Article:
When AbbVie (NYSE:ABBV) split off from Abbott Laboratories at the beginning of 2013, the result was a company that combines some risk and appreciation potential with a high dividend. That unique combination could have a place in your dividend portfolio alongside more conservative holdings.
Off to a great start
The AbbVie split was the inverse of the strategy taken by other large healthcare companies such as Johnson & Johnson and GlaxoSmithKline, where steadier consumer businesses balance against the ups and downs of the riskier pharmaceuticals segments. Abbott management, however, felt that the risks inherent in pharmaceuticals were weighing down the valuation of its more stable businesses such as nutrition and diagnostics, and that the units would be worth more apart than together. The pharma business was launched as the separate company AbbVie, taking with it the risks and potential growth inherent in its drug portfolio and pipeline, along with a generous cash flow to support dividend payments.
Since the split, AbbVie has received the most love from investors of the two, with the stock gaining 81% as compared with 60% for the S&P 500 and just 34% for Abbott. Despite this gain, AbbVie still sports a generous dividend yield of nearly 4% and a reasonable valuation, with a forward PE of just under 12.
A nice dividend that will likely continue to increase, and some growth besides
AbbVie has a strong history of dividend raises and should have no trouble continuing that into the future. When the history of the parent company is taken into account, it has raised its dividend annually for over 25 years, landing it on the Dividend Aristocrat list. Since the spinoff, the dividend has increased 60%, including 12% last year. The payout ratio -- the percentage of company net profit that is paid out in dividends -- was a reasonable 63% in the last 12 months, a good indication that the company will be able to continue rewarding its shareholders generously.
AbbVie's drug portfolio and pipeline hold the potential for good capital appreciation to go along with that dividend as well. Since 2013, AbbVie has grown revenue by 36% and earnings per share by 42%. Last year, adjusted revenue grew 13.3% to $25.6 billion, and adjusted EPS gained 12.4%. That kind of growth is hard to find in an established pharma company, and management expects earnings growth in 2017 to be even better, guiding to an increase of 13% to 15%. A growth component like this is a nice feature for a high-yielding stock like AbbVie, especially with a price of only 12 times analyst expectations for 2017 earnings.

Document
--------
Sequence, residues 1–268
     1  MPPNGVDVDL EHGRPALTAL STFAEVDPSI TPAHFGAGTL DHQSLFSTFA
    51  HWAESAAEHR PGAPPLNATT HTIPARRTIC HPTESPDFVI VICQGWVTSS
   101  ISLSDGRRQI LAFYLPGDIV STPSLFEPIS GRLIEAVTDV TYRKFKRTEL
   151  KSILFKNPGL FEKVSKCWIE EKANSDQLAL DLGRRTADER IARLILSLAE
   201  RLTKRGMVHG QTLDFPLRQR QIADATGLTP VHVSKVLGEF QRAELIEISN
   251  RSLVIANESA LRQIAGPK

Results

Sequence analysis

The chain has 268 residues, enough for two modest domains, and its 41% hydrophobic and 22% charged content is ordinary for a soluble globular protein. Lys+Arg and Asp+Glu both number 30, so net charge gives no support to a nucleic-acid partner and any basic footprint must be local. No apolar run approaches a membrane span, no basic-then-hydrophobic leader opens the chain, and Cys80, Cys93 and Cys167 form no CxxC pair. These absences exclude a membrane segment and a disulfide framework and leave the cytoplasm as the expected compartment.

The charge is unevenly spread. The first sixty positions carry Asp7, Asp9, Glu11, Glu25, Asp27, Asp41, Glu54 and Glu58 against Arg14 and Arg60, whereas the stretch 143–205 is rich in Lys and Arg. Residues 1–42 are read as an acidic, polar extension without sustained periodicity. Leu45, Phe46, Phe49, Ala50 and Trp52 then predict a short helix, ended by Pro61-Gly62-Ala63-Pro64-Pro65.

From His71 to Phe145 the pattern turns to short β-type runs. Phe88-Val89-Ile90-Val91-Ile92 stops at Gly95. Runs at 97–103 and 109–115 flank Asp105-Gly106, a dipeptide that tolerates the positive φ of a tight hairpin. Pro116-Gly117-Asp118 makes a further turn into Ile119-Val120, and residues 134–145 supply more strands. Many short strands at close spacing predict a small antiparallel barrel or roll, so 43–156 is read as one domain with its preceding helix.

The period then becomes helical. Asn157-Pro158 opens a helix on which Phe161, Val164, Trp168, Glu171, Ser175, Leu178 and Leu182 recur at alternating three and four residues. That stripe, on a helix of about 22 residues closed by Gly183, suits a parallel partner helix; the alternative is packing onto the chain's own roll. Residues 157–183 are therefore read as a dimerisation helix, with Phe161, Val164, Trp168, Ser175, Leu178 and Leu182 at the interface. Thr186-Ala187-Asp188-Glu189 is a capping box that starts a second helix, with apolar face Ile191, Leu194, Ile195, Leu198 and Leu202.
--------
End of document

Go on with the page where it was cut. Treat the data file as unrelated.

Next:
There's more in the works, too, with a lot of promise in the development pipeline. AbbVie has made a big push into oncology in recent years, positioning itself to take a big slice of the hottest segment of the drug market. Imbruvica and Venclexta are recently approved blood cancer drugs that have the potential to address as much as 65% of what will be a $50 billion market by 2022. The company believes the eight most important near-term growth assets in its pipeline could bring in $25 billion to $30 billion in peak sales when they come to market.
The risk hanging over the stock
If a stock today yields 4%, is growing in double digits, and yet is selling below the market's typical valuation multiple, you know investors are pricing in some downside risk, and that is exactly the case for AbbVie. The big issue is AbbVie's anti-inflammatory drug Humira, currently the world's top-selling drug, with $16 billion in sales in 2016. This drug alone was the source of 63% of the company's revenue in 2016 and a good chunk of its growth. Key patents on the drug for arthritis, psoriasis, and Crohn's disease expired in the U.S. last year, and European patents will fall away in 2018.
Amgen already has a biosimilar developed and approved by the FDA, but AbbVie is staving off the threat with a legal challenge. Amgen can start shipping the drug before the issue is resolved in the courts, but if it does, it will be liable for damages if it loses the suit, which it may not want to risk. The court date is set for November 2019, so AbbVie may succeed in delaying that threat for a long time, if not defeating it altogether, given management's confidence in its portfolio of 110 unexpired patents it could use for defense.
Challenges for Humira also exist in the marketplace, with newer drugs from other drug companies coming on the scene. But AbbVie is also moving forward with late-stage pipeline drugs taking these new approaches -- called JAK1 inhibitors and anti-IL23 antibodies -- in position to take up slack from Humira losses.
A proper place in your portfolio
AbbVie has a generous dividend that it has no trouble paying and will likely continue to increase, current growth above the rate of its peers, and a decent chance of capital appreciation. Dependence on Humira makes the stock more risky than the typical position in a conservative dividend portfolio, but with the risk already priced into the stock and the strong possibility that the company can navigate the transition to new drugs to replace the Humira business over time, the stock is a good candidate to fill a legitimate, albeit a bit aggressive, role in an income portfolio.